Changes in neural activity associated with learning to articulate novel auditory pseudowords by covert repetition.
Rauschecker AM., Pringle A., Watkins KE.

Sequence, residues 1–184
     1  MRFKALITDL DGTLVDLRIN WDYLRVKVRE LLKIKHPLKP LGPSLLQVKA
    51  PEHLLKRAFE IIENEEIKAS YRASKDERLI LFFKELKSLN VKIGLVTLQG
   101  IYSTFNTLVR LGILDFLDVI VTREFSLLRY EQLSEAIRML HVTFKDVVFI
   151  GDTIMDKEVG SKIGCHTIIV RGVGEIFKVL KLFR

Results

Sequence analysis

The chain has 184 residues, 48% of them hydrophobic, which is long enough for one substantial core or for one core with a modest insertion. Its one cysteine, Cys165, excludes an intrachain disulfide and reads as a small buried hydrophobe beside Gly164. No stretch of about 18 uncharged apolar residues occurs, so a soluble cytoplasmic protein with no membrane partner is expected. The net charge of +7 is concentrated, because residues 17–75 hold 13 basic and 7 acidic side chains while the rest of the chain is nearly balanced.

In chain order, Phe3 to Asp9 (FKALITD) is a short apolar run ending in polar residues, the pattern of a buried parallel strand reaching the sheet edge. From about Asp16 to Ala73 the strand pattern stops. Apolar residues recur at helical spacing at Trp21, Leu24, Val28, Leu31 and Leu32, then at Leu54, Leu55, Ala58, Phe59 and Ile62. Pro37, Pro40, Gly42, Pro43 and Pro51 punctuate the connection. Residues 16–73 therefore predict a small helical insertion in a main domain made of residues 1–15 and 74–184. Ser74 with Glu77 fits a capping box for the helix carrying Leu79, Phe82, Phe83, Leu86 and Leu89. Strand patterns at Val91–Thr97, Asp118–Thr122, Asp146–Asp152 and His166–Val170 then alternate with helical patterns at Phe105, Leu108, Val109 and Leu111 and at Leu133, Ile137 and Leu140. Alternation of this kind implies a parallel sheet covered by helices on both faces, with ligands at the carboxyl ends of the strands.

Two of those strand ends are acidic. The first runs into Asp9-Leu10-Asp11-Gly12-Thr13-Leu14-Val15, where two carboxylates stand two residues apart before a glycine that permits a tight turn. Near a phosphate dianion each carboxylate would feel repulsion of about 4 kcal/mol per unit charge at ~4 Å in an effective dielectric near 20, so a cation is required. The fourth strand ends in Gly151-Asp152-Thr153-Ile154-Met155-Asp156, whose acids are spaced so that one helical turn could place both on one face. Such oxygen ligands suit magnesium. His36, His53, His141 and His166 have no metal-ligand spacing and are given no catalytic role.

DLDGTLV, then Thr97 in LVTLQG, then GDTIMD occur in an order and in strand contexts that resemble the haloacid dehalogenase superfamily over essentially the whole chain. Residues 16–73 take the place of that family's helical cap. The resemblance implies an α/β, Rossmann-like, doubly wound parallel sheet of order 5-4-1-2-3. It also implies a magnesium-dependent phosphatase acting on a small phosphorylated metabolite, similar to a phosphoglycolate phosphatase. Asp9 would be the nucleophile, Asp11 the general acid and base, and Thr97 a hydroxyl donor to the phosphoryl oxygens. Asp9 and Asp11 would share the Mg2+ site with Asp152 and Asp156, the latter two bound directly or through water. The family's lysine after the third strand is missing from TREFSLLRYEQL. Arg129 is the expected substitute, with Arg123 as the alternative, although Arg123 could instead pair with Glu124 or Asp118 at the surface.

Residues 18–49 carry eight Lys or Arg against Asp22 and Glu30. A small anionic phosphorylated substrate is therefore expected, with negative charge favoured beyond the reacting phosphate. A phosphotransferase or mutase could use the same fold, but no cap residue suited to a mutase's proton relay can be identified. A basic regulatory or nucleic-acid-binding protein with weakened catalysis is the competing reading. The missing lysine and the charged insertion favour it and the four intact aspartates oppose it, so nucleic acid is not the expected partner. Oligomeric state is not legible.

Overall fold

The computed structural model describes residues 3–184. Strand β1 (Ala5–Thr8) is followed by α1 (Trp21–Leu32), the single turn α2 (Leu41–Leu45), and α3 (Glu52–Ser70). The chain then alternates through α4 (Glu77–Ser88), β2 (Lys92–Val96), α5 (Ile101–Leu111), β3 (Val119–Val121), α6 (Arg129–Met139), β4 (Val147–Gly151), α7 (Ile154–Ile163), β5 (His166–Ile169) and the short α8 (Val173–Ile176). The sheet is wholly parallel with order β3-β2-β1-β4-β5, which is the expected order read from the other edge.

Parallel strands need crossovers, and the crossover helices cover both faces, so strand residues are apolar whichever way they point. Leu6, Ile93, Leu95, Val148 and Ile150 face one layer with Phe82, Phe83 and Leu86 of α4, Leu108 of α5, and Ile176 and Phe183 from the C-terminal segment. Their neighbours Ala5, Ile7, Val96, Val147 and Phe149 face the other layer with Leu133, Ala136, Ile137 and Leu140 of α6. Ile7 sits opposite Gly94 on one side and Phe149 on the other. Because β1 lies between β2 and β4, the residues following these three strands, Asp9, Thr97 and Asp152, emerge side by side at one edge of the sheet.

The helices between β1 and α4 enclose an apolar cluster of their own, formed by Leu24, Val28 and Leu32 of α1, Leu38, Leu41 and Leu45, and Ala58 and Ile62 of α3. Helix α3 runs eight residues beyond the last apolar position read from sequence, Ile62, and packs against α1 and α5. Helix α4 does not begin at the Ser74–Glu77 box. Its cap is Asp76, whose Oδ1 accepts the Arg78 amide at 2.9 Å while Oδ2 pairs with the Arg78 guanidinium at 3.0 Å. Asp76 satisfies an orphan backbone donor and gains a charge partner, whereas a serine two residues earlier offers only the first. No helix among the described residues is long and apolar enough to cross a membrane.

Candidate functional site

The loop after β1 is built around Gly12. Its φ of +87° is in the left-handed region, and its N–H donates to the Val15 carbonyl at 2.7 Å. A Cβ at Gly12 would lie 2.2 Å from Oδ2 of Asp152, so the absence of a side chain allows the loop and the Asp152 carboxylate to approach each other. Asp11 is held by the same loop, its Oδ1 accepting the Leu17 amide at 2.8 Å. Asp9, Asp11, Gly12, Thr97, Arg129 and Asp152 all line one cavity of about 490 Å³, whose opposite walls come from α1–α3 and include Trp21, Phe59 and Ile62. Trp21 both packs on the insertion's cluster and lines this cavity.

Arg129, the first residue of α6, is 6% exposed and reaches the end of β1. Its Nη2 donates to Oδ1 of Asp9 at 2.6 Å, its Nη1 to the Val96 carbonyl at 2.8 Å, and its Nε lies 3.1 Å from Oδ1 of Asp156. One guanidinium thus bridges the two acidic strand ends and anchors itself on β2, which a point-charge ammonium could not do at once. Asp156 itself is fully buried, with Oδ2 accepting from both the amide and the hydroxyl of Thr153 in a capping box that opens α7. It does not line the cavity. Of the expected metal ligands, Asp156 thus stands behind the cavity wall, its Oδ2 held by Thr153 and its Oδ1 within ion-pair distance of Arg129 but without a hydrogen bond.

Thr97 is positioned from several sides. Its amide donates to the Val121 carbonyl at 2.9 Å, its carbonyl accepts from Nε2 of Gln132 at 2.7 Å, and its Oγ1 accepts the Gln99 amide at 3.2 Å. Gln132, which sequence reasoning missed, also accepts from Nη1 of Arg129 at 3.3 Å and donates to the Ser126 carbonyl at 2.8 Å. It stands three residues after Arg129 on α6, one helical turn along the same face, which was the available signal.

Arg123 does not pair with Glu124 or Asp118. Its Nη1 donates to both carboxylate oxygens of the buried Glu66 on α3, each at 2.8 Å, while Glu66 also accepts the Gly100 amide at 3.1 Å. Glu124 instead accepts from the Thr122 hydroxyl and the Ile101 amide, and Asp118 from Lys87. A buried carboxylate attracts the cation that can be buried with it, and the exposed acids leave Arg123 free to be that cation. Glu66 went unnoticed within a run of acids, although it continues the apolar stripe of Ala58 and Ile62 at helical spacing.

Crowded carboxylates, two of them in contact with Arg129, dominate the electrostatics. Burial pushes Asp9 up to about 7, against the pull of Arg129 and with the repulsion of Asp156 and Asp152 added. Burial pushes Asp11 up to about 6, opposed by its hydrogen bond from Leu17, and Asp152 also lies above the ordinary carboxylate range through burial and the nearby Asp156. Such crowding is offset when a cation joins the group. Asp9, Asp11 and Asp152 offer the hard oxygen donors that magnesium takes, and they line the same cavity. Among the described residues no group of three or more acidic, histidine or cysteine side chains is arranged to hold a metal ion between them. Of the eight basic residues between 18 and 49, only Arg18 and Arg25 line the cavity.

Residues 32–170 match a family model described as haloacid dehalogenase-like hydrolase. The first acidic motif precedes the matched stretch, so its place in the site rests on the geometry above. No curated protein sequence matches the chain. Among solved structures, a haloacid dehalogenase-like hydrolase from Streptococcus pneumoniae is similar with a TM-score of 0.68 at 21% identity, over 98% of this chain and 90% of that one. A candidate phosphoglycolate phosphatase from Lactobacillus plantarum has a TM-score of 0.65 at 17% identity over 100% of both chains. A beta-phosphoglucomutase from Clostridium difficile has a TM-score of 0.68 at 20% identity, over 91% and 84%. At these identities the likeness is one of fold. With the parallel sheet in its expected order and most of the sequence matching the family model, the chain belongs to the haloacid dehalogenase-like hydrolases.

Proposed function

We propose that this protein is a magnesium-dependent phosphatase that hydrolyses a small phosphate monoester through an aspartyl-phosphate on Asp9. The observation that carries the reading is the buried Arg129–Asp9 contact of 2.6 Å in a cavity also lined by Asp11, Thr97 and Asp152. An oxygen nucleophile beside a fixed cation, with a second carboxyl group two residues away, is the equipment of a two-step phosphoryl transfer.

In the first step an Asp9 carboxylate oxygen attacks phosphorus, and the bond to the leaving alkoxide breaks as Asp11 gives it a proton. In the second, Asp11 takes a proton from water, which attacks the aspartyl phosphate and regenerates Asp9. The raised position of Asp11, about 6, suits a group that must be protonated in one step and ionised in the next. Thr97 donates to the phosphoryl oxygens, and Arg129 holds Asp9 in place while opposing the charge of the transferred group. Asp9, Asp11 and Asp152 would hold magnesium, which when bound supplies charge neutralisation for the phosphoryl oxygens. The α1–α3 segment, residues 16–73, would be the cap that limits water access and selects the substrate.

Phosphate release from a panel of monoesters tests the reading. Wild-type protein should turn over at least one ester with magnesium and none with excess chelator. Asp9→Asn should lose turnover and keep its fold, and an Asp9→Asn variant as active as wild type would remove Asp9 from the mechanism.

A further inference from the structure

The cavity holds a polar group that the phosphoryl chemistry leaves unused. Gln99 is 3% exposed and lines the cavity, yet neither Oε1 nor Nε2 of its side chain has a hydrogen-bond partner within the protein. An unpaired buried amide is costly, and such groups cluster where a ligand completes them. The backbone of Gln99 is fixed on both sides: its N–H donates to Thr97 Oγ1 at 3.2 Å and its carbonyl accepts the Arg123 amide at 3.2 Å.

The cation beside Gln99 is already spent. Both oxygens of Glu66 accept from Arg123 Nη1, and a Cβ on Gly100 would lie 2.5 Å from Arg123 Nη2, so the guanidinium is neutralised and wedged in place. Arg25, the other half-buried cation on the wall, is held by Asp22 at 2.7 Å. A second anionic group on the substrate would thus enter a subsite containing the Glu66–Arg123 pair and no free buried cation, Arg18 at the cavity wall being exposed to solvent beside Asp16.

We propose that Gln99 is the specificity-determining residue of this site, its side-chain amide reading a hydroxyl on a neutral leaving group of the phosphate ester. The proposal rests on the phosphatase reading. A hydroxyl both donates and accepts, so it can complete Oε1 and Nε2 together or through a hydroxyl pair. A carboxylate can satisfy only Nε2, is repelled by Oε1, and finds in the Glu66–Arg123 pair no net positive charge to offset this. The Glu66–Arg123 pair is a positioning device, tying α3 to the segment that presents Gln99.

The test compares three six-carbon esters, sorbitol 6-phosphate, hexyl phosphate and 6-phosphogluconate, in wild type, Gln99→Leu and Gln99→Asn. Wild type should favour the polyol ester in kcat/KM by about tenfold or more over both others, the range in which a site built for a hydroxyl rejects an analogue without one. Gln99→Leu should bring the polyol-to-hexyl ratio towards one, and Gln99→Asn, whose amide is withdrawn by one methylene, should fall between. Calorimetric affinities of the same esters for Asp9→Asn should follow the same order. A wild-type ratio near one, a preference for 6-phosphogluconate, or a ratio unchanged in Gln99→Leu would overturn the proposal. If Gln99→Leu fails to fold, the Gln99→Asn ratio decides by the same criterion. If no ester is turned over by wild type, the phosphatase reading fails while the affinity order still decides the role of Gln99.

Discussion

Learning to articulate novel combinations of phonemes that form new words through a small number of auditory exposures is crucial for development of language and our capacity for fluent speech, yet the underlying neural mechanisms are largely unknown. We used functional magnetic resonance imaging to reveal repetition-suppression effects accompanying such learning and reflecting discrete changes in brain activity due to stimulus-specific fine-tuning of neural representations. In an event-related design, subjects were repeatedly exposed to auditory pseudowords, which they covertly repeated. Covert responses during scanning and postscanning overt responses showed evidence of learning. An extensive set of regions activated bilaterally when listening to and covertly repeating novel pseudoword stimuli. Activity decreased, with repeated exposures, in a subset of these areas mostly in the left hemisphere, including premotor cortex, supplementary motor area, inferior frontal gyrus, superior temporal cortex, and cerebellum. The changes most likely reflect more efficient representation of the articulation patterns of these novel words in two connected systems, one involved in the perception of pseudoword stimuli (in the left superior temporal cortex) and one for processing the output of speech (in the left frontal cortex). Both of these systems contribute to vocal learning.